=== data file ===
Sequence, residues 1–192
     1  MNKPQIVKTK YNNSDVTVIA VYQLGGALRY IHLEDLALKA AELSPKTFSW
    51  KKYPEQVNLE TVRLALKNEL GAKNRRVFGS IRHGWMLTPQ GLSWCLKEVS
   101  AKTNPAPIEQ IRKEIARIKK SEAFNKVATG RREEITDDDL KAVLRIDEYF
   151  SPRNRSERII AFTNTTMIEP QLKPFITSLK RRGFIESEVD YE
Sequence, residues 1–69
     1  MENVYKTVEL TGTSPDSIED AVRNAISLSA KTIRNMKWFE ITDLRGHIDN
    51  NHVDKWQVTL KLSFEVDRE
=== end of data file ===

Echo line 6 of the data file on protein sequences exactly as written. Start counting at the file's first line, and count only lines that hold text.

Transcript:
Sequence, residues 1–69